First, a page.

International Women’s Day: How to advance your career in ocean conservation

08 March 2022

Guest blog by Paulina Gerstner, Program Director of the Allen Coral Atlas

This blog is based on the author’s presentation at the webinar titled ‘Breaking the Blue Bias’, organised by the Commonwealth Secretariat on 7 March 2022 to mark International Women’s Day. Paulina Gerstner is the programme director for the Allen Coral Atlas at the Arizona State University, a partner of the Commonwealth Secretariat. She shares some valuable insights based on her experience as a professional in the male-dominated ocean science sector.

Reflecting on my career as a woman in the ocean conservation realm, I’ve developed a few key learnings that I believe have enabled me to advance. This International Women’s Day, I’d like to share these experiences, which may help to inspire other women to pursue their goals and ambitions.

Speakers at the 'Breaking the Blue Bias' event

Paulina Gerstner, Programme Director for the Allen Coral Atlas, speaking at the ‘Breaking the Blue Bias’ event

Learn new skills

 Learning new skills is essential. Without continually growing my skills and adding new tools to my toolbox, I would have stagnated. As someone not interested in being a technical or scientific subject matter expert, but excited about distinguishing myself as a program management professional with people-convening powers, this means growing in my tactical, interpersonal, and strategic skills.

Several years ago, I identified that my organisation had a need for more direction and facilitation when it convened experts. I sought out and advocated for a consultant to do a results-based facilitation training at my organisation. I learned so much from that experience that I paid it forward by sharing key lessons and tactics with my peers, implementing a results-based facilitation initiative in the organisation.

Build a network of allies

Bidirectional knowledge-sharing between colleagues, especially supportive peers, can also build rapport, and eventually a set of core allies, which is another critical takeaway. Building a network of allies sets up not only a support system for feedback and mentorship, but will also help you build a coalition of support when you need others’ voices.

Sometimes it can be hard for women to advocate for themselves, since bragging about our accomplishments doesn’t always come naturally. But if you create a network of allies who see your value from many different parts of your organisation, they can be your external bragging party, laying the groundwork for your being seen as an exceptional team member, even when you aren’t in the room.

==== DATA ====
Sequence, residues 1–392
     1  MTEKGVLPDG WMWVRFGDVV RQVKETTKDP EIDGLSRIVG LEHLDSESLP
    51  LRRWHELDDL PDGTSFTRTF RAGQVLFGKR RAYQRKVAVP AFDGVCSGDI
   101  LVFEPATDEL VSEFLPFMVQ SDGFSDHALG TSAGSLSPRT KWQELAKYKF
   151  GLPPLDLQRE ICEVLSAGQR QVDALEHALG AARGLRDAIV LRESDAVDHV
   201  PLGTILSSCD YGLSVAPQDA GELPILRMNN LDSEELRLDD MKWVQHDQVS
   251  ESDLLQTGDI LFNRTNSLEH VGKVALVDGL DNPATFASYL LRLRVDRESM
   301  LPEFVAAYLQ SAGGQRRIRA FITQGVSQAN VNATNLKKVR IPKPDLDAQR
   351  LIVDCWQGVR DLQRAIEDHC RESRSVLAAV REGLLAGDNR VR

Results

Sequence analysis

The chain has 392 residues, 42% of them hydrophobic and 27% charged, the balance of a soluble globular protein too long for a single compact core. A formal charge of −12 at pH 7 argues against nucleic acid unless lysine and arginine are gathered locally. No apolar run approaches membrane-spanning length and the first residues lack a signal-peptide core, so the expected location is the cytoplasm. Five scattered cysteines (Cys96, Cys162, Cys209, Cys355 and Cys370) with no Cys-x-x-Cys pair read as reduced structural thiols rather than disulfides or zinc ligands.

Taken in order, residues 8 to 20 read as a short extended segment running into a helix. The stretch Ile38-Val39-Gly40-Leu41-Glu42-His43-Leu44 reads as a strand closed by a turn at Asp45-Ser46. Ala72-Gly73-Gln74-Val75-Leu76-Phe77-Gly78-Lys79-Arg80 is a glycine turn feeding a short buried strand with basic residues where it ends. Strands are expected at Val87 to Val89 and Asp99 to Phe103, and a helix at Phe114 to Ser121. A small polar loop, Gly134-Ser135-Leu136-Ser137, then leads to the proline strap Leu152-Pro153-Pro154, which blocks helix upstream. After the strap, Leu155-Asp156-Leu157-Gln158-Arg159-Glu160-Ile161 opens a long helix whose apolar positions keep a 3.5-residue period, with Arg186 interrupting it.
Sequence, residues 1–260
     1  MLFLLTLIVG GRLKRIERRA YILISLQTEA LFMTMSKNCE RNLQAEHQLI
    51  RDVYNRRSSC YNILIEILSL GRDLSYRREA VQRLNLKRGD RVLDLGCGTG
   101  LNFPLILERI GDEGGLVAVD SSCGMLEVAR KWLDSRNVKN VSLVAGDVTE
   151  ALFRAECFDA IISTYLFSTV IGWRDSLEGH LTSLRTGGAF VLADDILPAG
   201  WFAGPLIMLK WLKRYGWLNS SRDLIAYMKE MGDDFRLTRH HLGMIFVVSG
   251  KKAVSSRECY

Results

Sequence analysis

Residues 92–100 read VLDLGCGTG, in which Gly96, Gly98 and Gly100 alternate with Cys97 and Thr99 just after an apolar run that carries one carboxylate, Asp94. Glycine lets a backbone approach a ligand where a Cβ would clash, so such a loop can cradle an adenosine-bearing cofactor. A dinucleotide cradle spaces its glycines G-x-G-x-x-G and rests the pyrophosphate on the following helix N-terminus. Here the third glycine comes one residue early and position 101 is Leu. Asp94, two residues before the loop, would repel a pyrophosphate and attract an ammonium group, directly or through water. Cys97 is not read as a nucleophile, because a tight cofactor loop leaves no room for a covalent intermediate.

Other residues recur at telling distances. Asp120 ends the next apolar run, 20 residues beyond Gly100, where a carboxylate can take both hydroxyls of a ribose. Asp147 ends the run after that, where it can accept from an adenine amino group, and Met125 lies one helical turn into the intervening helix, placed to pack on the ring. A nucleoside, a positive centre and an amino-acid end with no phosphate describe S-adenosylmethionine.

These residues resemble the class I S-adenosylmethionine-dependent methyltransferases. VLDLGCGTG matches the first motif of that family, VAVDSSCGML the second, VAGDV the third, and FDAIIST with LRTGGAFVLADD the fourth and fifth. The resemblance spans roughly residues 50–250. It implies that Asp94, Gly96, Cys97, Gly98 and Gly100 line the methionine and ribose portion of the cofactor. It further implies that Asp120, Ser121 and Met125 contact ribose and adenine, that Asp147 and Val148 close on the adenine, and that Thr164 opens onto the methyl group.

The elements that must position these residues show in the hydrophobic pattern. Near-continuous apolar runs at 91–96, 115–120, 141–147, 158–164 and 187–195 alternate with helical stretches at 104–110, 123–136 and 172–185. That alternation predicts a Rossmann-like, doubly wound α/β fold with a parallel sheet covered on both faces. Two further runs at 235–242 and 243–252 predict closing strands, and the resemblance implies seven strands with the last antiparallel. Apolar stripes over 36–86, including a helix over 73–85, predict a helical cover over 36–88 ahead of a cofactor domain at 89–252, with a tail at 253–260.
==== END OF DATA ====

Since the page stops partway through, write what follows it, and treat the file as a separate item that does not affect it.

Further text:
Choose when to go above-and-beyond – and when not to

When I was new to the field and early in my career, I often felt I was seen as junior and less capable than I truly was, so I was constantly seeking ways to prove myself as valuable. In the process, I found myself going above and beyond in all areas of my work, and not always areas that benefitted me. This leads me to my third takeaway – choose when to go above-and-beyond, and when not to. Save your effort and energy for going the extra mile when it will show that you are capable of taking on more challenging work.

An example of this was an early workshop that my organisation held with the core partners of the Allen Coral Atlas. We flew in our partners from around the world for an in-person three-day workshop. The stakes were high, given the amount of time and money going into the event.

So, I spent weeks crafting the agenda ahead of the workshop, identifying the most important subject areas we needed to discuss, and areas that would be better discussed in person. I pulled in a dozen stakeholders from across the organisation to identify what they felt we needed to discuss, who needed to be included in what, the outcomes we hoped to reach by the end of the three days, etc.

My hard work paid off – not only did I get widespread recognition for the workshop’s success, but my efforts laid the foundation for a strong partnership that we rely on today.

Learn to say ‘YES’

Lastly, and perhaps most importantly, I have learned to say yes to opportunities even if they are scary. Like many people, public speaking is not a favorite activity of mine. But when offered chances to speak on behalf of my programme or organisation, I always say yes, and then I prepare as much as I need to, to feel confident. This has given me opportunities like speaking to several hundred people at organisation-wide presentations, going to Abu Dhabi to represent my organisation at the World Ocean Summit, and speaking at the American Geophysical Union. Say yes, even if it terrifies you.

Every International Women’s Day, I am reminded that in order for gender parity to come to fruition in this industry, women need to support women, but men also need to support women. To grow your support system, fill your bench of allies with supportive women and men who see your value and help uplift the women around you. Grow and share your skills, don’t pass up any opportunities, and be strategic about where you put your energy.

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